Just like in rock and roll, this story also starts in a hotel room after a few beers. It was 1992 and Tolsten Schilling was working for a television channel setting up television facilities for sports events. His professional life involved travelling around the world, working hard for a couple of days setting up, followed by a lot of free time.
During one trip, Schilling and three colleagues decided to kill some time by playing a game of mini-golf in their hotel. It was the first time they had ever picked up gold clubs and things soon got out of hand. In no time they were taking mighty swings inside their room. The final result: 78 over par and walls peppered with holes. The new variety of golf went down a storm among the crew and the night-time golf matches went on for some time (with the consequent damage to hotel furniture in a number of establishments).
Tired of apologising to hotel managers and reception staff, this easy-going Hamburger with the look of a hardened biker decided to give up his job to dedicate some time to his new hobby, although in a form that caused less damage. His first option, to join a conventional golf club, was immediately rejected. He moved straight to the second: to play in the street.
What started as a few rounds with a group of friends and some beers for company turned into, 20 years later, a Berlin-based community called Natural Born Golfers (NBG) which has more than 200,000 members around the world. Its success has forced Schilling and company to look for new forms of organisation.
Previously, they would announce a location for their Sunday round on Facebook, but “now we can’t do that. One day 200 people turned up and you can’t play with such a crowd. Now we just arrange it among friends, and if they want to bring a few more that’s fine.” Schilling himself takes charge of teaching the basics to beginners (even though he has never taken a class in his life) so that they know how to take a decent swing. “I’m not a professional. In fact I’ve never been on a golf course. I only explain some basic movements and that’s all. If you want to get good, hire a private tutor.”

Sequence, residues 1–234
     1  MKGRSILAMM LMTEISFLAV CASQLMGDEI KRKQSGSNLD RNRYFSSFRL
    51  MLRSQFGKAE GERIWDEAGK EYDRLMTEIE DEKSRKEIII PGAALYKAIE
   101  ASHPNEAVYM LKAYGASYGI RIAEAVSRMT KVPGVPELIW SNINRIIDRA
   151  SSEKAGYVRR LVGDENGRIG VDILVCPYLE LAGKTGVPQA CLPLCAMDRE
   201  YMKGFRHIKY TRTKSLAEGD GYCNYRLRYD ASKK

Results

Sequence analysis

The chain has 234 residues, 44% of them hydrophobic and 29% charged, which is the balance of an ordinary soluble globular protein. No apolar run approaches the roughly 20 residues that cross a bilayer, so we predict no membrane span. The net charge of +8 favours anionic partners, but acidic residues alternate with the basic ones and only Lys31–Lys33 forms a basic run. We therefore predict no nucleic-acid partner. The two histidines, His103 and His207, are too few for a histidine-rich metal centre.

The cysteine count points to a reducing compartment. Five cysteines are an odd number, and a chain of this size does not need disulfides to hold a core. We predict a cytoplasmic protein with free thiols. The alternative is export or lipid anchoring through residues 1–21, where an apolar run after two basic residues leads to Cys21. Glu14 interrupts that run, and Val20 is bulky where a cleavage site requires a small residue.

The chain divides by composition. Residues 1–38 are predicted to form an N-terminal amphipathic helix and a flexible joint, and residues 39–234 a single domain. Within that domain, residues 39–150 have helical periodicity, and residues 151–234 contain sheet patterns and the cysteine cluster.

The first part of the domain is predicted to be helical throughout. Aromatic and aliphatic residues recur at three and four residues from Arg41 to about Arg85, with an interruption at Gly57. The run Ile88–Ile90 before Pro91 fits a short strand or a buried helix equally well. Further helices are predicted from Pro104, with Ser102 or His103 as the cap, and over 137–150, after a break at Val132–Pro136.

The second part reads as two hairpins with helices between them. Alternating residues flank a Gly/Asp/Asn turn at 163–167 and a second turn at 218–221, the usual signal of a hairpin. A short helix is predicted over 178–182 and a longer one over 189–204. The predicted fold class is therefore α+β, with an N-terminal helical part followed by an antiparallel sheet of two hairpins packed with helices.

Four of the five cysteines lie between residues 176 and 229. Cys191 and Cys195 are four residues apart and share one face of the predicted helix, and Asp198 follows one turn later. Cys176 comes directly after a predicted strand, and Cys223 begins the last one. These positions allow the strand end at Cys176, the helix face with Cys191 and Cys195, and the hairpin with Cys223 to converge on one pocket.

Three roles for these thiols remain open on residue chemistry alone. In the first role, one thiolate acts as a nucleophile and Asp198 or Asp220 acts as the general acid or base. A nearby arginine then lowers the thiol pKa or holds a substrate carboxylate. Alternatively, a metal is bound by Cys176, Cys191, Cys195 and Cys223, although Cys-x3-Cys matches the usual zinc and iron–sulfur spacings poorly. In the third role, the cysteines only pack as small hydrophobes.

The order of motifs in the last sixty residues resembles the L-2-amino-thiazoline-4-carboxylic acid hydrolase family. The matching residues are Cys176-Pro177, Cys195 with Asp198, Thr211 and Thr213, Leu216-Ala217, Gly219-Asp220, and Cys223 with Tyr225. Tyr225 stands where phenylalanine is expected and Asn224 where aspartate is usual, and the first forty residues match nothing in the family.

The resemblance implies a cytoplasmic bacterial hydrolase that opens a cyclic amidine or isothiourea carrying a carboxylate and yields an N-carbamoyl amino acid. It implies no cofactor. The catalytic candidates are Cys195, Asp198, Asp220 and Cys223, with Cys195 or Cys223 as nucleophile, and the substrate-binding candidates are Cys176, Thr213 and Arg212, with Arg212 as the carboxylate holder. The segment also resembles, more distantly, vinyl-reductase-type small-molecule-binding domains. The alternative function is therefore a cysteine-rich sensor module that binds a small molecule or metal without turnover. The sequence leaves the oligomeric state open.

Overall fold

The attraction seems to lie in the rock-and-roll atmosphere, the underground feel to the sport; or perhaps it is that sensation of doing something where you shouldn’t be doing it. At any rate, people are lining up to join the Berlin NBG club, hankering after the opportunity to hit balls from roof tops and down alleyways to imaginary holes. Aware of the interest from the sport’s followers, every so often the organisation runs large-scale, sponsored events.
They are known as Community Events and, unlike the spontaneous Sunday outings, the organisation is at a higher level. Rooftops are hired, permits requested and 40 participants are drawn from the NBG membership, plus an extra 10 from outside the community. 50 people can take part, not one more or less.
The organisation has a list of 10 top spots in the city for meetings. All are easy to get to, accessible by bike, and with a low number of passers-by. This last attribute is important to avoid lawsuits. “We can’t play in crowded places, but in Berlin there are lots of open spaces with few people around, even in summer. Anyway, if you are playing and someone comes into sight, you stop, wait and then continue.” When there are lots of people around, the use of soft balls is always an option. “We have never had an accident in 22 years.
The most serious thing has been a few broken windows. In fact when people see us with our clubs, they often stop to ask what is going on, and occasionally they even join in.” The group’s success has been phenomenal. Although it is not the only urban golf club in Berlin, it is the oldest and largest. Its powers of organisation are such that often companies will hire its services for private events (they run around 20 a year).
Some of the holes they have created on these occasions are startling and surreal: for example a recreation of a living room, with sofa, table and television, placed on a floating platform on a river; contestants had to try to break the TV screen from the rooftop of a nearby hotel. It took 4 hours for them to succeed.
So what are the rules in a sport that seems to have no constraints? Schilling makes it quite clear: “there are none.” People meet at an arranged place, open the beers, put some music on and have a look for possible targets (a pole, for example).
Then the group goes from target to target, like on a real golf course, following the ball wherever it might fall. “Actually, the aim is to have a good time. We never count the number of strokes. Here nobody is interested in what brand of clothing you wear, or whether you are the best. Who cares about that?”